TALKING: A narration by Depp that introduces us to the back-story of Dark Shadows is long winded, in a sequence that should have been reduced in the scripting stage. The rest of the dialogue is weakened by its taste for the anachronistic, proving that this movie would be even less without its humor related to the time. Score: 4

SIGHTS: Dark Shadows uses a heavy mixing of unsaturated colors and dabs of bright color to create a visual sense that you can't look away from, mostly because the colors are so polarizing. However, this finesse loses its charm when it becomes obvious as to its meaning — the bright objects are always items that are "new," or unnatural to the movie's gloomy atmosphere, especially in the Collins' mansion. With all of this being said, I can't imagine what would make any of this movie worth seeing in IMAX. Score: 6

SOUNDS: Keeping with the '70s period, the Dark Shadows soundtrack features appearances by Donovan, Iggy Pop, The Carpenters, Black Sabbath, and more. Alice Cooper makes a cameo in the film to play himself for two songs. A cover of The Raspberries' catchy tune "Go All the Way" performed by the Killers is played during the credits. Score: 6


BEST SCENE: Though no moment made me laugh in Dark Shadows, the scene in which Barnabas trolls around Collinsport like he's still celebrating Halloween on November 2 is amusing, if only for projecting how Burton probably thinks he looks to the rest of the world.

ENDING: Dark Shadows leaves the opportunity open for a sequel, in the "closed eyes open suddenly" kind of way.

QUESTIONS: How much of this project came to fruition simply because Depp was involved? Has Burton seen all 1,225 episodes of this show? How about his writer, Seth Grahame-Smith? Is it a coincidence that the first "I love you" from "Nights in White Satin" by The Moody Blues is accompanied by Depp's name being shown on screen? It can't be, right?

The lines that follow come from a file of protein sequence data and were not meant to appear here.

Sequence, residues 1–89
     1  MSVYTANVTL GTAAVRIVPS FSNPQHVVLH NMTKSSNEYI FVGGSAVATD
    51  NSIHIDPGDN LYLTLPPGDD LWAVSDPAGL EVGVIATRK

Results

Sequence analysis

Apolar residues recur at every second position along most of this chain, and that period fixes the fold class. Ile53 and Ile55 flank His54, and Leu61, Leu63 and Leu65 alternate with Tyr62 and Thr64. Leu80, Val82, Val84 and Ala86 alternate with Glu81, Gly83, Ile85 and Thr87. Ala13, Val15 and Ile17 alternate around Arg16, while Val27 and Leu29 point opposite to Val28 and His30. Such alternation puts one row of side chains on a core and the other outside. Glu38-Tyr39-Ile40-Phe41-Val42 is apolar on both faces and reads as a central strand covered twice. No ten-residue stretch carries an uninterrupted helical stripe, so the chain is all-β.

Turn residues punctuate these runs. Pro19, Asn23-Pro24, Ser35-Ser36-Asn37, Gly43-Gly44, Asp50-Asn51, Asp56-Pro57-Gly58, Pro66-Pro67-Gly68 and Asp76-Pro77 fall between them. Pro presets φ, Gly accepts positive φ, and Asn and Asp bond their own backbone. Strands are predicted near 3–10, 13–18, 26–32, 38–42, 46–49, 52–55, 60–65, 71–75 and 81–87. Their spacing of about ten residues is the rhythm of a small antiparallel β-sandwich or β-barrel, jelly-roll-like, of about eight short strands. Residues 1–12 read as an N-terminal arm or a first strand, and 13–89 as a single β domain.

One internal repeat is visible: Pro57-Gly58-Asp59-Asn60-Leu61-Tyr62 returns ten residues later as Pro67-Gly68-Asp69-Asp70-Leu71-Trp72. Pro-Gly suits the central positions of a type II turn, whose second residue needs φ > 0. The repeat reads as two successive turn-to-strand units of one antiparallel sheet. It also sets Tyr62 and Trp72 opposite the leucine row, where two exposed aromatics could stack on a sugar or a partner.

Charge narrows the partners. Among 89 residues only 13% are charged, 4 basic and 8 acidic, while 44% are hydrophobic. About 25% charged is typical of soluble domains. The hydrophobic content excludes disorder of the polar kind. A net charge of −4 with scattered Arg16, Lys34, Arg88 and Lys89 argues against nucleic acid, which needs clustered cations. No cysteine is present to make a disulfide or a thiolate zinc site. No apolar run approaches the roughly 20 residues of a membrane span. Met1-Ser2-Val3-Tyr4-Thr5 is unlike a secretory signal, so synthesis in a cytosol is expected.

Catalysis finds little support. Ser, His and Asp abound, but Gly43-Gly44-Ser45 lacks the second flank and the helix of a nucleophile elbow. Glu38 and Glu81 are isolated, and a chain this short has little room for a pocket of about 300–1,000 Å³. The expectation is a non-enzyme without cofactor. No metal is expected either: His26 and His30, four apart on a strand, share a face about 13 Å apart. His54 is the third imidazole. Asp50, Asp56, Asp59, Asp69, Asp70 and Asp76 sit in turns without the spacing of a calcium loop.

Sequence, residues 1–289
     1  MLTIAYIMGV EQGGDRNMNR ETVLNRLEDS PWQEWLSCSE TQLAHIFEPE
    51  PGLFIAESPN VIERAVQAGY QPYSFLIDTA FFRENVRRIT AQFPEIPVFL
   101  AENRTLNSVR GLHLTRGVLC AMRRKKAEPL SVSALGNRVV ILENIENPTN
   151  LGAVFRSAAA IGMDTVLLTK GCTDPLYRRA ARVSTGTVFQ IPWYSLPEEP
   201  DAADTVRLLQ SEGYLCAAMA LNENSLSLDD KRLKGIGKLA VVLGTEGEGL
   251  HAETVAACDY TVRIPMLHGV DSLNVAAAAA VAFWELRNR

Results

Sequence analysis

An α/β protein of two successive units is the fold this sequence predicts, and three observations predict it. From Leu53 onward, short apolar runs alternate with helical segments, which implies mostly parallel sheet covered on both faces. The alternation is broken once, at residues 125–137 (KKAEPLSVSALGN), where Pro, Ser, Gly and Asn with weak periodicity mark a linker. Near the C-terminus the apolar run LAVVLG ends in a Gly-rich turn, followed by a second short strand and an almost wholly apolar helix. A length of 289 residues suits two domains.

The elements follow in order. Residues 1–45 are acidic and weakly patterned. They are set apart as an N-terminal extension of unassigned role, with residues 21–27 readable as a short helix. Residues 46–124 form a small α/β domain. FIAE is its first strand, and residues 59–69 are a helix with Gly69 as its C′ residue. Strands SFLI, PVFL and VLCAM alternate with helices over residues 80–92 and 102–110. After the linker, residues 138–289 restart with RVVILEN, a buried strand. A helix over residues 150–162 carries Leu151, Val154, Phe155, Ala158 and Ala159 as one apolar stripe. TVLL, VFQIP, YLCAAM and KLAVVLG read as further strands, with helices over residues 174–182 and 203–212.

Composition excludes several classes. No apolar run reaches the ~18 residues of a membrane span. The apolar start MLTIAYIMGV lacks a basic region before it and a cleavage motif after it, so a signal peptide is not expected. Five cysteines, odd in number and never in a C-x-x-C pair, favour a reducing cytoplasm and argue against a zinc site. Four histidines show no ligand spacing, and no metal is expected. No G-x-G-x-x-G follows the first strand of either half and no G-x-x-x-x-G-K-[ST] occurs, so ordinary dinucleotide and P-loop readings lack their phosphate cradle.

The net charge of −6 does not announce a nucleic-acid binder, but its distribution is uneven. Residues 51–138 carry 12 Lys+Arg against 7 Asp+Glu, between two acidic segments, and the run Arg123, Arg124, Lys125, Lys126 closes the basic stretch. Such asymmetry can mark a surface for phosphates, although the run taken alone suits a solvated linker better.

REWATCHABILITY: A second round of Dark Shadows would be even slower than before, there's no doubt that the humor would be even less funny.


Tim Burton, everyone's favorite eternal high school goth, has finally been out-dulled by somebody else — his writers, Seth Grahame-Smith (who wrote the book "Pride and Prejudice and Zombies"), and John August (whom Burton has collaborated with two times before).

Dark Shadows is cursed by its humdrum script, one that stumbles on many accounts to assist the millions of outsiders to this inside joke of getting a richer picture of an unusual world. Members of the film's center family are very underdeveloped, with the only color going towards the characters played by Depp and Green. Such weakness in the story undermines the potential of the movie's odd humor, which is overwrought from the beginning. This is one dark comedy that can't get away with its campy nature. "Hey men and women, remember the '70s? LO-Lava lamp!" The cracking of vampire-related humor just makes it all worse.

Standing out from this story's gray canvas are the blotches of color thrown in by Burton's visuals, which catch our eyes like when a single table lamp lights up a dark room. But ... that's it. Dark Shadows shows us that de-saturation eventually does lend itself to a strong dullness. And also, that Tim Burton is still a boring dude.


Dark Shadows